There’s more, and even more than that, and more still, like the NGOs self-tasked with finding and disarming the Chekov’s landmines that still litter the jungle decades after the American War’s end, but “more” should be discovered by Lee’s audience, who will only be able to watch Da 5 Bloods from their couches. This is a big damn shame: Da 5 Bloods would play like gangbusters on a big screen suited for its bloody gunfights and haunting emotional breakdowns, especially Paul’s, who, after succumbing to gold fever in the film’s second hour, goes off on a fourth-wall-breaking monologue that’ll earn Lindo statues and accolades if the world be just. Everyone here does fine work, but Paul ranks among Lindo’s finest. He’s a man apart, broken by the war, his pieces broken further on his return home, and the fragment left behind broken beyond repair over the course of his days leading up to the quest for Norman and riches.
It’s no wonder Paul worships his memory the way Christians worship Jesus: Norman is a hell of a man, one who’d stand between his friends and their demons, and even death if necessary. Boseman cuts a movie star’s figure in all of his work, so it’s appropriate that Lee washes his flashback sequences in the grain of cinema ranging from the 1940s to the 1980s: The Treasure of the Sierra Madre, The Bridge on the River Kwai, Apocalypse Now, Platoon. In these scenes, Lee shrinks the aspect ratio to 4:3, tightening the focus and our proximity to the characters, effectively heightening the tension by consequence: He has a blast staging gory, violent shootouts between the Bloods and the Viet Cong, action beats falling outside his usual directorial purview.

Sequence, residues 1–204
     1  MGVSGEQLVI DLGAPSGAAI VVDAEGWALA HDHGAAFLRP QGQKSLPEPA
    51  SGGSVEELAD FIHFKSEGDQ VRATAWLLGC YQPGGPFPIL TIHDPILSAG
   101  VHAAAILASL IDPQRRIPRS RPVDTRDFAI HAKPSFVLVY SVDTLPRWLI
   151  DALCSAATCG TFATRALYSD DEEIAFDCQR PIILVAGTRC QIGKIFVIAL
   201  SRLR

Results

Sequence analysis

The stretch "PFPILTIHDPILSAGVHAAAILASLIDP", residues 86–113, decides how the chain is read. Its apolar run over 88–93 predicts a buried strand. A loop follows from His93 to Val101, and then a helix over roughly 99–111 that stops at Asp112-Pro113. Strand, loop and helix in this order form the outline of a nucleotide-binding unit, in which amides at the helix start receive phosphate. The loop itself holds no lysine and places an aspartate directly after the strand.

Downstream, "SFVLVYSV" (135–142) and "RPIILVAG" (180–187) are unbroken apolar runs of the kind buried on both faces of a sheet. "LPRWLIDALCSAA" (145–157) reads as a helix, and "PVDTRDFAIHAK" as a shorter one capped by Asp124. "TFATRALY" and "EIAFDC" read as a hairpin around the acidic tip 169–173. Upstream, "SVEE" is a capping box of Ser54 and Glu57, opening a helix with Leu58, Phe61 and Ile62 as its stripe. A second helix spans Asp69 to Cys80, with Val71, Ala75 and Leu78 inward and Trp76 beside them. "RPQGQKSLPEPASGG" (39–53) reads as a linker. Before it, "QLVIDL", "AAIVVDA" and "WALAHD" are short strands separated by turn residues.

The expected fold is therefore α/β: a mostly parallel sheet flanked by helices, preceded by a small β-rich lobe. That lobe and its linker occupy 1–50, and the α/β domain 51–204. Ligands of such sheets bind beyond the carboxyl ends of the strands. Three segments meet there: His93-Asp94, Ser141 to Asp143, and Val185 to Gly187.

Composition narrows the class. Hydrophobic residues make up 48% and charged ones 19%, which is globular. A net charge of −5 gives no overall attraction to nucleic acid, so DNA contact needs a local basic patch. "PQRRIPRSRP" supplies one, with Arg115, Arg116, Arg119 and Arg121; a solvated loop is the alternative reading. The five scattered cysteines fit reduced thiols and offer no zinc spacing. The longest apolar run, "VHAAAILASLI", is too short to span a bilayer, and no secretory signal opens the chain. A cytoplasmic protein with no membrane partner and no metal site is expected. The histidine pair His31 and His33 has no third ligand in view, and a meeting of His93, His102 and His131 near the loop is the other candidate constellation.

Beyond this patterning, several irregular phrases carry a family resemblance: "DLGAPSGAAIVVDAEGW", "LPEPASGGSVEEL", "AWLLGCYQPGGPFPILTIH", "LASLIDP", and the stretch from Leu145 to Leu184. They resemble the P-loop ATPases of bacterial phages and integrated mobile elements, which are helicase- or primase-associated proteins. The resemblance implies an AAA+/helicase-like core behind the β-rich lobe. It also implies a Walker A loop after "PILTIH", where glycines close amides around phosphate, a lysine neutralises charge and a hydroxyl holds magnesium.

Lee’s at the height of his powers, though, when bluntly making the case that for as much time as has passed since the Vietnam War’s conclusion, America’s still stubbornly waging the same wars on its own people and, for that matter, the rest of the fucking world. And Lee is still angry at and discontent with the status quo, being the continued oppression of Black Americans throughpolice brutality, voter suppression and medical neglect. In this context, Da 5 Bloods’ breadth is almost necessary. As Paul would say: Right on.
Director: Spike Lee
Writers: Spike Lee, Kevin Willmott
Starring: Clarke Peters, Delroy Lindo, Norman Lewis, Isiah Whitlock Jr., Chadwick Boseman, Jonathan Majors, Mélanie Thierry, Paul Walter Hauser, Jasper Pääkkönen, Jean Reno, Lê Y Lan, Johnny Trí Nguy?n
Release Date: June 12, 2020 (Netflix)
Bostonian culture journalist Andy Crump covers the movies, beer, music, and being a dad for way too many outlets, perhaps even yours. He has contributed to Paste since 2013. You can follow him on Twitter and find his collected work at his personal blog. He’s composed of roughly 65% craft beer.